Apr 6, 2009

Charlotte, NC: The Queen City

Charlotte, NC, was named the Queen City in honor of the German Princess Charlotte of Mecklenburg, who had become queen consort of British King George III the year before the city's founding. According to Wikipedia, "A second nickname derives from later in the 18th century. During the American Revolutionary War, British commander General Cornwallis occupied the city but was driven out soon afterwards by hostile residents, prompting him to write that Charlotte was "a hornet's nest of rebellion," leading to another city nickname: The Hornet's Nest."

I recently took my friend, Heather, on a tour of Charlotte. First, we climbed atop Crowder's Mtn to get a birds-eye view of the city:

Then we drove down into the city, parked, and began our afternoon stroll. I parked in an expensive parking garage to save time, called Cousin David who works nearby, and headed off in the direction of Fuel Pizza, across from the Convention Center. Our hike made us hungry.

After a sweet lunch at Fuel's, David went home to the little woman while Heather & I walked 10 blocks around downtown Charlotte, the 20th largest city in the U.S. It has always bothered me that most of the skyscrapers in Charlotte look like they're still under construction. To me, the tops just look incomplete. Look at this picture and maybe you can see what I mean. Now, for your brief virtual tour of Charlotte:

This first skyscraper has the joy of being called 201 North Tryon. At 447 feet tall, it contains 30 floors and was completed in '97. There is a cute & adorable little birdhouse next to it that looks exactly like the skyrise. The top, as I said, looks incomplete, see?

There is a lot of public art around Charlotte's City Center and there are several museums and galleries in the area. I read about this art, below, but forgot everything. I think it symbolizes Charlotte's diversity or expansion or is maybe a map to the secret treasure.

That's probably a Bank of America building behind, but I'm not sure. Ever since 9/11, Charlotte's a bit touchy about people photographing their banks. David warned us we might be chased down and asked to delete our pictures.
I can't name this next building, but I like it, it's probably the Bank of America Plaza.

Next is the Bank of America World Headquarters, 871' tall, 60 floors, finished in '92. It was & hopefully still is the tallest building in the Carolinas, as well as the tallest building between Philadelphia & Atlanta. It's "crown" which I think gives it the "still under construction" look is made of 384 aluminum rods, each ranging from 12 - 62 feet in length and each weighing between 800 and 4,500 pounds.

This next high-rise, on the right, is One Wachovia Center, rising to 588', offering 42 floors. It was completed in '88 and was the tallest building until Bank America rose above. It suffered some damage when Hurricane Hugo marched through the Carolinas a few years ago. The elderly building to the left, poor thing, is probably either Two Wachovia or 400 South Tryon, both remnants from the '70s, yawn.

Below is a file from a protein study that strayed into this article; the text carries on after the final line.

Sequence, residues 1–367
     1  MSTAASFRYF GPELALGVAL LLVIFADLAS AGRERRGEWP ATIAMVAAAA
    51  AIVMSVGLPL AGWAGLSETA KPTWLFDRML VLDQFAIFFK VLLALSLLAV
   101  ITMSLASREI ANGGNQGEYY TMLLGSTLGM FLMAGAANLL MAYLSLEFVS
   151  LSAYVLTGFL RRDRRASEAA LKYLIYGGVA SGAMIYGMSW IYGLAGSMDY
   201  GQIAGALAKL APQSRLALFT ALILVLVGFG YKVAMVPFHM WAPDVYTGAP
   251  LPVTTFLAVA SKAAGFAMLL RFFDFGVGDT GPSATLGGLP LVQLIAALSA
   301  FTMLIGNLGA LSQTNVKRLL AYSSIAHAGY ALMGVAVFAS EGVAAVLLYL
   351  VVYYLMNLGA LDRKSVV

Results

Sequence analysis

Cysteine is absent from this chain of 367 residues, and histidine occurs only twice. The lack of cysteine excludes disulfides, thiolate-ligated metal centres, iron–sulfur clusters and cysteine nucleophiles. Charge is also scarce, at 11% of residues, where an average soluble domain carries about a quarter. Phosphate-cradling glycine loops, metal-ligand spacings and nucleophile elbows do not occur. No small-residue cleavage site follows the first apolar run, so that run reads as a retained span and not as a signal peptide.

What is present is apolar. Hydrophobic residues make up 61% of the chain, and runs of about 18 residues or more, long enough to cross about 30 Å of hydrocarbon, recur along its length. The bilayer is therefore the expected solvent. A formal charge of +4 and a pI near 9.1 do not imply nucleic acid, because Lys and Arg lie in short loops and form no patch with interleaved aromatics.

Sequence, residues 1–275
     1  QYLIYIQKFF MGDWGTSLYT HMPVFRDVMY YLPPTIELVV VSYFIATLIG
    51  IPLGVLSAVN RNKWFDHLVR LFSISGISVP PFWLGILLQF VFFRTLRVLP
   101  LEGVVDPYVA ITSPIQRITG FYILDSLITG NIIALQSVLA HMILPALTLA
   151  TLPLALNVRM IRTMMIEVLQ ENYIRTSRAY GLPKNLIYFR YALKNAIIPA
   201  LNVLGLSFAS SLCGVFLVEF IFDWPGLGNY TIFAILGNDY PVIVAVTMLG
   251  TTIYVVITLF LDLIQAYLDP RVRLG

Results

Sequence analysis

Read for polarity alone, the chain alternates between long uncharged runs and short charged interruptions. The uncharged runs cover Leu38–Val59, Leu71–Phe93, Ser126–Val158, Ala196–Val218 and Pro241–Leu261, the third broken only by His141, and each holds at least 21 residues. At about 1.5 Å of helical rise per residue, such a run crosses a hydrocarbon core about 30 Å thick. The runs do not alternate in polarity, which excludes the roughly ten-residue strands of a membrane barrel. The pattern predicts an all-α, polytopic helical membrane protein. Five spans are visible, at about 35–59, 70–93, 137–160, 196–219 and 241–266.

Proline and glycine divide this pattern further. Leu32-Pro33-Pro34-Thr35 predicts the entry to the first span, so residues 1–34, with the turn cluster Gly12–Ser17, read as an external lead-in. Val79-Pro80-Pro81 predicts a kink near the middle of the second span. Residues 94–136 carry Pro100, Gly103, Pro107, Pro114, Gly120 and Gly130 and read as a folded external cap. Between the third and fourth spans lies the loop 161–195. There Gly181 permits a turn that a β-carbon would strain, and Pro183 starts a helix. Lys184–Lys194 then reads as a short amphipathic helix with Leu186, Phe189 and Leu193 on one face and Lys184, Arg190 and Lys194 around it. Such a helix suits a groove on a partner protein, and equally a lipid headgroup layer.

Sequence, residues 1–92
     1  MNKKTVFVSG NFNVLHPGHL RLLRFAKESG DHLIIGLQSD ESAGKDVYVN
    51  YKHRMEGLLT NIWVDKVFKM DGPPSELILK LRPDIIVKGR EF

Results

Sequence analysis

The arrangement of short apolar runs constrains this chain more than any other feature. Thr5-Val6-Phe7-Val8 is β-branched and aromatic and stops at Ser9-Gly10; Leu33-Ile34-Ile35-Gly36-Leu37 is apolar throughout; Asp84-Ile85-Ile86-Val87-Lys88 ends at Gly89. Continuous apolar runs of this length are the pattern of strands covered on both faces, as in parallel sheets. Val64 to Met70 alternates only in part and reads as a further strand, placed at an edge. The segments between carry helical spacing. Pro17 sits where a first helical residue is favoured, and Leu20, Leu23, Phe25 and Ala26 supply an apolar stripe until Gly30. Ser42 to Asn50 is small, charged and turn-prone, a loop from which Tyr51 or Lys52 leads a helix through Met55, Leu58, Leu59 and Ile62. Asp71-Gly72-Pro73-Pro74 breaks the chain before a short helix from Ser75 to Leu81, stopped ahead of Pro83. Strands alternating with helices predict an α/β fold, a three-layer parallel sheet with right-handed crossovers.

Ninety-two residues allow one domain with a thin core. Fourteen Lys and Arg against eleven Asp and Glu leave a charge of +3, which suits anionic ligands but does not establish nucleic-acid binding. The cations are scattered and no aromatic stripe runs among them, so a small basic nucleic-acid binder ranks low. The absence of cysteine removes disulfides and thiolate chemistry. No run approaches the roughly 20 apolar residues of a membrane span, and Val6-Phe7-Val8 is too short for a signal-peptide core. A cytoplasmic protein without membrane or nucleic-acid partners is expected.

There is a lot of interesting architecture that I don't have pictured -- the newer Hearst Tower, Carillon Tower, the TradeMark, or the funky one simply called "Avenue" at N. Church and W. Fifth. There are a few construction projects that have been put on hold due to permit debates or building code disagreements. Then there are a few more projects moving right along, the city's noisy.

When we rounded back to College Street, we happened upon a construction accident in which a worker fell about 40', I think, and was impaled upon landing. He had survived the fall and was in critical condition the next morning. I can't find any more information about him, though. The buzz is that construction accidents are too frequent. A worker died in December and there were three other accidents recently prior to that one that did not result in death.
I paid my hefty parking fee and we headed out of town via the area where Queens meets Queens at Queens. Charlotte has a penchant for naming streets with identical names. I think at some point we were on Providence and then crossed Providence. The old, restored houses in the Myers Park area are fantastic. But that's not why we were there. We were lost. I phoned mom & dad for directions just as I passed a Starbucks. I screeched into the left lane, cutting off a drycleaner dude, Uturned through a parking lot and went the wrong way through a one-way Starbucks parking lot. But..... we got the beverage. A great way to end a great afternoon.

a one-way Starbucks parking lot? What's up with that?


Heather Francis said...

love your starbucks paragraph! haha

Poof said...

I'm just glad you have nerves of steel. It was so good to see you!

Anonymous said...

Great report on our fair city Val, well 'cept the part about the guy being impaled, I don't know what happened to him either and I live here.

Cousin David's little woman! said...

You crack me up--"the little woman"--glad I'm not the "BIG Woman!!" ha ha!!!

Jay said...

If you want more accurate details on your next visit, you should take Charlotte's Longest-Running(tm) Daily City Tour http://www.queencitytours.com/DailyCityTour.htm. You won't get lost at Queens and Queens either!

Poof said...

Jay - "more accurate details?" Which details were inaccurate? Maybe my tallest building scenario is outdated?
Thanks for the link to your site, that'll help future travelers to your fine city.